Monday, June 8, 2009

The Flu

H1N1, otherwise known as swine flu, has hit Egypt. There was one case diagnosed a few days ago. Today there was more bad news: two confirmed cases and one suspected. And to make matters more personal (if not worse), they are students at my university. The students were living in a downtown dormitory which is now quarantined. The students just arrived last week from the US, so they seem to have brought it with them. This all happened overnight last night and news has gone out on international wire services.

The students, it was learned, were on campus where I work yesterday (as was I), so the Egyptian health ministry in conjunction with the university has completely shut down the campus until next Sunday. I was not there today but heard about people walking around wearing face masks. On the bus ride home I was told, despite temperatures near 100 degrees, the air conditioning was shut off and the windows were closed in order to limit the circulation of bad air. Summer classes are canceled for the week and only personnel deemed essential (providing services to students in the on-campus dormitory) will be allowed there.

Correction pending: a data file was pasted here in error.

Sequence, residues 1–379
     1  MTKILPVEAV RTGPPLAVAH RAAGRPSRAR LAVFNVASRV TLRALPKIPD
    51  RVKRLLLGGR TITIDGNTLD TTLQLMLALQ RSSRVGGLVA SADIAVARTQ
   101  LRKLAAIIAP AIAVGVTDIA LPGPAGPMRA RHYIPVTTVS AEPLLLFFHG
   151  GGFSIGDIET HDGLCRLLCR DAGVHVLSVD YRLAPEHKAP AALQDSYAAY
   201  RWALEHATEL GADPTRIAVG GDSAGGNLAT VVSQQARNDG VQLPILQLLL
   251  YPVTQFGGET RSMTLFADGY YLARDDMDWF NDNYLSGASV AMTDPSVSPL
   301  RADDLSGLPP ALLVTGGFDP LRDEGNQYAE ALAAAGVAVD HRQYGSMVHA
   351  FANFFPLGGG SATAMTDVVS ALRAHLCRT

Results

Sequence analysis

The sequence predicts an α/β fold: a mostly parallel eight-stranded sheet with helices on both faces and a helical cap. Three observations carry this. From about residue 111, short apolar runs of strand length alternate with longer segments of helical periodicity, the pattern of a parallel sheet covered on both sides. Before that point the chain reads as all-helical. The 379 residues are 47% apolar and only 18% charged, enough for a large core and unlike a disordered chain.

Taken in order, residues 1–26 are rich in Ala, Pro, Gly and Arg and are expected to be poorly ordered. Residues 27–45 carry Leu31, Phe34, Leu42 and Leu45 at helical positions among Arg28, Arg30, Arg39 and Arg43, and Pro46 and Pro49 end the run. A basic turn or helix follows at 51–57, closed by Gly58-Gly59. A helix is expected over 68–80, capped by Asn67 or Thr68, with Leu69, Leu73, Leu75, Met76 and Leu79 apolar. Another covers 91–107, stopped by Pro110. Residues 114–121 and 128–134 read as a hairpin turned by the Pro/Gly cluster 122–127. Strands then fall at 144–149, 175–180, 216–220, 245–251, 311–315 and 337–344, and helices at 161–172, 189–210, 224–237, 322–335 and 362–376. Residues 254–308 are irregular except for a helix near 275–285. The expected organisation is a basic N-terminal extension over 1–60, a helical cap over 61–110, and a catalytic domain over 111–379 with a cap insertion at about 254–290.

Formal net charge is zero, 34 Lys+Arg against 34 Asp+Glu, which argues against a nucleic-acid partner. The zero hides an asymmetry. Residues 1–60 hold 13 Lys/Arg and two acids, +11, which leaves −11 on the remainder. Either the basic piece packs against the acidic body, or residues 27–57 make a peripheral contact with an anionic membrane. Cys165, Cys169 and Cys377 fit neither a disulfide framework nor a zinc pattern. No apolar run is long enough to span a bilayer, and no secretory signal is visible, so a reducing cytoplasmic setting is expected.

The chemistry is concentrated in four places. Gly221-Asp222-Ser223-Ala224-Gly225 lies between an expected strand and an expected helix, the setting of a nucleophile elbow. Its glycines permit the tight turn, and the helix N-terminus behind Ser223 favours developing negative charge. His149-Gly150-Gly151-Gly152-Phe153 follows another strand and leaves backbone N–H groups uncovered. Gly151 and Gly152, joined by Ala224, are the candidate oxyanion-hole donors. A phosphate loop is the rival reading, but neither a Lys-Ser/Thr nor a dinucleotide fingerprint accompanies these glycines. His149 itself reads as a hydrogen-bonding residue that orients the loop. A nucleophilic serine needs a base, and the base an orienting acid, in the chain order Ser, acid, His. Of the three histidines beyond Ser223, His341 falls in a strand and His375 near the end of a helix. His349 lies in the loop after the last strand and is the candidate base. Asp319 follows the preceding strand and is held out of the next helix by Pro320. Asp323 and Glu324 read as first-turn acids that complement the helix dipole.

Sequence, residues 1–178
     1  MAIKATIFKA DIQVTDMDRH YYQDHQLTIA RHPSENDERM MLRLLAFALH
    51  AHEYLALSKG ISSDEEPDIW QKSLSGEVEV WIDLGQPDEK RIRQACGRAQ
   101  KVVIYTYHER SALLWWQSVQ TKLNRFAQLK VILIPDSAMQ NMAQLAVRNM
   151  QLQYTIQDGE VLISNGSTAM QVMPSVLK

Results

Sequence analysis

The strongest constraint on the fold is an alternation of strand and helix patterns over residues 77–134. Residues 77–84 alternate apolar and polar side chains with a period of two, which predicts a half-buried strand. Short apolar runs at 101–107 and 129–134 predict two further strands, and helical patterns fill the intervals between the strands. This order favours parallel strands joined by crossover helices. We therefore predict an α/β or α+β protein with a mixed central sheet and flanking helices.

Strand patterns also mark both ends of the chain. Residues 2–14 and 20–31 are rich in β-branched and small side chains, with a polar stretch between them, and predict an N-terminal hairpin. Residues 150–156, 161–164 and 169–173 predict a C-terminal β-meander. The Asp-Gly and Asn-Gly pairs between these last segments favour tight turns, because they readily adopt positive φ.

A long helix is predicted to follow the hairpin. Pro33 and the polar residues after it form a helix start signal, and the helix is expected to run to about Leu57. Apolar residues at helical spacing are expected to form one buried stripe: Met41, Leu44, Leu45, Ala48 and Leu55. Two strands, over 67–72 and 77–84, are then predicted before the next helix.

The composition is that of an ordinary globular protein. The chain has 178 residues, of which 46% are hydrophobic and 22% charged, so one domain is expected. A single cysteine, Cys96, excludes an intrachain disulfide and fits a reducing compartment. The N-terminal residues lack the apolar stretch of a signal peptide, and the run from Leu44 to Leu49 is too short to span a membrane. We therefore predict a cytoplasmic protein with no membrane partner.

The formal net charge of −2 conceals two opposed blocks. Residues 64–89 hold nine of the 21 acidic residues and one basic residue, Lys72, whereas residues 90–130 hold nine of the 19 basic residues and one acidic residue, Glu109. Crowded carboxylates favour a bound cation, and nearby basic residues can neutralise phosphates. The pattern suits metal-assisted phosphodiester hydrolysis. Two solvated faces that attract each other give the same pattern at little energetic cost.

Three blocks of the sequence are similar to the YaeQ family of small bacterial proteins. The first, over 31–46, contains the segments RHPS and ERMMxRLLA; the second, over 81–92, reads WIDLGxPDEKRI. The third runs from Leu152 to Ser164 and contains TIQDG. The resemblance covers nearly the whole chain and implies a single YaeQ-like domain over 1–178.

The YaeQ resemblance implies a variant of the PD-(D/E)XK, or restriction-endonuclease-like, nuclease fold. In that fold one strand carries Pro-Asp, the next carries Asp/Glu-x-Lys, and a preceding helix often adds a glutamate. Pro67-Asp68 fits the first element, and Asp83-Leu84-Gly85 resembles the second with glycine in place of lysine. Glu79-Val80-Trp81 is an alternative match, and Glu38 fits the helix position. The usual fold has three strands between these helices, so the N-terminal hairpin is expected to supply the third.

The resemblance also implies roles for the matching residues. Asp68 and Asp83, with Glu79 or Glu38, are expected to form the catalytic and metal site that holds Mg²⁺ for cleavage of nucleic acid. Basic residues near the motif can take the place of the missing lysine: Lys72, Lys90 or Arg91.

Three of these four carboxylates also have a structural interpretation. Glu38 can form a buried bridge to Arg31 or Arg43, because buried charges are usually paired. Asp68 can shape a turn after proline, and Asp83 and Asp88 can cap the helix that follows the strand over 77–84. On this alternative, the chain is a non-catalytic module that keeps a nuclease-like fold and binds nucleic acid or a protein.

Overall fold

For me, this is a huge problem because I am leaving Cairo for Kinshasa on Sunday and will not be able to go to campus before I leave to get things from my office that I need and want (books to take with me including some for colleagues in RDC). Plus this means I won’t be able to go to my usual bank branch, handle insurance business, deal with payroll, or make transportation arrangements. I still need my ticket for Kinshasa (because of a late itinerary change) and the travel office is now closed too (though they called me and we worked most everything out over the telephone and through email). Any gifts I had hoped to buy at the campus bookstore are on hold. Plus I need to print lots of things and don’t have a home printer... I also need to reschedule my Arabic lesson off campus.

Hopefully the flu has not spread and those infected are receiving effective treatment and recovering speedily.

Obama: New Tutankhamon of the World

Postscript to previous post. My friend Stacy found this amazing tshirt yesterday in Islamic Cairo. He gave it to Jenna as a gift. The hieroglyphs supposedly spell Obama.